April 7-13, 2001

Allen & Nancy Chartier

Trip Log
     Day 1
     Day 2
     Day 3
     Day 4
     Day 5
     Day 6
     Day 7

     Species Lists
Day 1, Saturday, April 7, 2001
We left home at the ridiculous hour of 4:30 a.m. to catch our 7:00 a.m. American Airlines flight to Miami. The schedule had changed at the last minute, departing 20 minutes later and, of course, our international flight was leaving 5 minutes earlier. We hoped the shorter connection would be OK.

We arrived in Miami a few minutes early, which allowed for the usual 1/2 mile walk to our connecting flight. The airport was under construction, and the only restroom open along the way had two stalls and lots of people in line. We didn't see many birds on our short stay here, just the usual Cattle Egrets (14), a Barn Swallow, and an American Kestrel.

Our American Airlines flight took off a few minutes late, and we arrived in Montego Bay about 10 minutes early. We met Rich Hoyer, leader of this WINGS tour, who told us that some people had arrived and others would be coming in at 2:00 and 4:30. Robert Sutton soon came by along with three others who had arrived before us (they went birding nearby). We went to lunch, then Rich and three other arrivals met us in the restaurant. We then decided to kill some time until the last participant arrived by going to the Rocklands Bird Sanctuary. The woman who started it in the 1950s had died two years ago at age 95, but a nice gentleman named Fritz was doing quite well managing the place. This site is world famous as the place where Red-billed Streamertails perch on your fingers to feed.

Robert picked up our last arrival and returned. We then drove for 3 1/2 hours to Marshall's Pen. The roads weren't as bad as Rich suggested, but it definitely was a long drive. We met the final three participants (14 in all), who had arrived late last night from the U.K. We had a late dinner and turned in around midnight (1 a.m. at home).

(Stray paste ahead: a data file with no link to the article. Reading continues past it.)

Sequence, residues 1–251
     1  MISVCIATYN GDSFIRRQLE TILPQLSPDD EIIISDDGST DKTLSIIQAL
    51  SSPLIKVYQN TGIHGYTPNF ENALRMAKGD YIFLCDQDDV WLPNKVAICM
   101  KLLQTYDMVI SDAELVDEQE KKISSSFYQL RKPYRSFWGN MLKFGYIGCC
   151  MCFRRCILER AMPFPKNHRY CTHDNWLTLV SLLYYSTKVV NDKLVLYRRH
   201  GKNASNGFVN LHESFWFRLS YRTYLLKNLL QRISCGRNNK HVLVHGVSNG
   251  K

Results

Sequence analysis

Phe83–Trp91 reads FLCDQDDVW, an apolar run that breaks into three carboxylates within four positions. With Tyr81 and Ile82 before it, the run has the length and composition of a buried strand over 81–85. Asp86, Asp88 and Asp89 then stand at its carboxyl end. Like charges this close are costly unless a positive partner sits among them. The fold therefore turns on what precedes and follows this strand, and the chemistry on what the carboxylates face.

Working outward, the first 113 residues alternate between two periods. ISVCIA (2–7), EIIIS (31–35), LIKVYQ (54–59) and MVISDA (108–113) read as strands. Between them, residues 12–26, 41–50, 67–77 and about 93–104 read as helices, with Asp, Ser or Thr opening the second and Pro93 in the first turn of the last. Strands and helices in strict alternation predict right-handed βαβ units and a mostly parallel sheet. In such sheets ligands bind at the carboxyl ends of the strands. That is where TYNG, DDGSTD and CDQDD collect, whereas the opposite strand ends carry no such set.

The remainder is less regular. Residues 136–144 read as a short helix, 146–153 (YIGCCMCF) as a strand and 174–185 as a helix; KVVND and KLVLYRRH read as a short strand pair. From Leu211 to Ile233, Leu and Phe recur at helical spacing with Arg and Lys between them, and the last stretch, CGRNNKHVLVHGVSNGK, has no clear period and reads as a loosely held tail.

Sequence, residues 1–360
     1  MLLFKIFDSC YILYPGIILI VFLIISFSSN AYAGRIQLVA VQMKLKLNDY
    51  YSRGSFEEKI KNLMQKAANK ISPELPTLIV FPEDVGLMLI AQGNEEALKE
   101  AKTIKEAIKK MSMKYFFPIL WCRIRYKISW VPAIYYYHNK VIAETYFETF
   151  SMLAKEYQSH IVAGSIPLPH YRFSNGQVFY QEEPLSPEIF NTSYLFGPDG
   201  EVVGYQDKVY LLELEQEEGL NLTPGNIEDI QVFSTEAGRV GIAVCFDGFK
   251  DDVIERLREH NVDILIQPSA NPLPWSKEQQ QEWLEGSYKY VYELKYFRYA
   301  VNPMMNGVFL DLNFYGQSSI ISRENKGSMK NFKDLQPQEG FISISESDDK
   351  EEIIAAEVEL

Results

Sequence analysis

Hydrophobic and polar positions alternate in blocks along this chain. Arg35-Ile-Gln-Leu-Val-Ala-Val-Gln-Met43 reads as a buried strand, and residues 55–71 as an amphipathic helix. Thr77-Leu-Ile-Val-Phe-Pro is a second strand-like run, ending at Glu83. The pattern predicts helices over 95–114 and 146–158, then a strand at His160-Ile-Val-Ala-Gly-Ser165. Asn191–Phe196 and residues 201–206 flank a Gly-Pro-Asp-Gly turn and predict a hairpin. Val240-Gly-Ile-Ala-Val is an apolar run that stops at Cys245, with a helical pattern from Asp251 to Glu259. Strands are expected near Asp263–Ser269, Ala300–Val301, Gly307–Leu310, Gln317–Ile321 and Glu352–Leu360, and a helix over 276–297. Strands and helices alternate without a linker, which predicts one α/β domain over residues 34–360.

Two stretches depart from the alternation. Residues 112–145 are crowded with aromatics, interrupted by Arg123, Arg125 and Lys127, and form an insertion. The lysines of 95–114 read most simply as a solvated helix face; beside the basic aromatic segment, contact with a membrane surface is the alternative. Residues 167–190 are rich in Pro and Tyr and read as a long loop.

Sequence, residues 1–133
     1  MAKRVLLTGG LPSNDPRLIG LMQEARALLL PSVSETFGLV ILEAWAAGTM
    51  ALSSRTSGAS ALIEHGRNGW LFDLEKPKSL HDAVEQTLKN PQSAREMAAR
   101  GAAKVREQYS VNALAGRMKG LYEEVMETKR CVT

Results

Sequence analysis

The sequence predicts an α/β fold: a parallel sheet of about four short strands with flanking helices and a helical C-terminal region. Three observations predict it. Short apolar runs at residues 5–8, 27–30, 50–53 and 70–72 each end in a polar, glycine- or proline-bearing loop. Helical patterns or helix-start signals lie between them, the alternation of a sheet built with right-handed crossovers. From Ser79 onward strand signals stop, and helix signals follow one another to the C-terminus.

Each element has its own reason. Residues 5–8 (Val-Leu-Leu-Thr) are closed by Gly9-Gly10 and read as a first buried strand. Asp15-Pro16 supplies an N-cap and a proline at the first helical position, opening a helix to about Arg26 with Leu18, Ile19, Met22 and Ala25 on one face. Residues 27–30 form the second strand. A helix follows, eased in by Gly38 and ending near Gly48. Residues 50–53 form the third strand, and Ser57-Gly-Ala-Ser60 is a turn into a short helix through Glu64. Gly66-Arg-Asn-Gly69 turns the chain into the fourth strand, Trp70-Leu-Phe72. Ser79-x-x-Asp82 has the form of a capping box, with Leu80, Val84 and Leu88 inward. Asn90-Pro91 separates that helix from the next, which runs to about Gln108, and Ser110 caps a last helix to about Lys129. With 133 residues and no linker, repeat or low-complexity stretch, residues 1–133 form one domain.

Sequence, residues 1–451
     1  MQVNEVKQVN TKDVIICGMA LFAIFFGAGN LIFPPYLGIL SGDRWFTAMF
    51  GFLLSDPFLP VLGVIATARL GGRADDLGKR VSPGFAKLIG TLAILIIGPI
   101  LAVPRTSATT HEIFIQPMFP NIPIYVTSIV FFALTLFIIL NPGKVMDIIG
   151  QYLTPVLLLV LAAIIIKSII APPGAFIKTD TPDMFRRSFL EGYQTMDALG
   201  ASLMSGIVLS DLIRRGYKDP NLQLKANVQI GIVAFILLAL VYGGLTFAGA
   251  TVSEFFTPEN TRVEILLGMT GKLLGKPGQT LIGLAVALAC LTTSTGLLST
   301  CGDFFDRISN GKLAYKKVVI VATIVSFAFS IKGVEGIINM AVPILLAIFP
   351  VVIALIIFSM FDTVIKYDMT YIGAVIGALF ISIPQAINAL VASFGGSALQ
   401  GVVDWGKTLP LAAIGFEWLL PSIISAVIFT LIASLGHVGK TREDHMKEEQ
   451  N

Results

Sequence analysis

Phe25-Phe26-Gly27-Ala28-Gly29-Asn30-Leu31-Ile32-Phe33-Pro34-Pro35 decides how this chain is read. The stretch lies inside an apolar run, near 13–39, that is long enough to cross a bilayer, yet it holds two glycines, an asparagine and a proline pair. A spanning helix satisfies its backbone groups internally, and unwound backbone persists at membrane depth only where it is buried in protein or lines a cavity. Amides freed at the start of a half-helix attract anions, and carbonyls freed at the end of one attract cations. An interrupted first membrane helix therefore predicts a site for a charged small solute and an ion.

Day 2, Sunday, April 8, 2001
We were up at 5:30 for a 6:00 bird walk on the grounds of Marshall's Pen. Breakfast was at 9:00, and we went back out afterwards for more birding until lunch at 2:00. At 3:00 we drove west to the North Black River Morass. It rained a good part of the time, and we missed most of our target birds. We got back to Marshall's Pen around 7:30 and had dinner at 8:00. Brief owling after dinner turned up nothing.
Day 3, Monday, April 9, 2001
We were up at 4:30 for a 5:00 departure for the "cockpit country." We were delayed leaving when the Jamaican Owls were heard calling. The local pair provided great views; then we were on our way by 5:20. We arrived at a non-place (itís on the map) called Burnt Hill.

We walked along the narrow roads here, finding additional endemics. We had our "boxed breakfast" at 8:00 and continued birding farther along the road. We headed back for lunch, stopping briefly at a field where we saw the Jamaican race of Grasshopper Sparrow. We had a 2:00 lunch again, then had the afternoon free. We spent the time "relaxing", and Allen went out to photograph the Northern Potoo we had found yesterday (we didn't bring the scope along yesterday).

After a 7:00 checklist session, we had dinner and turned in.

Day 4, Tuesday, April 10, 2001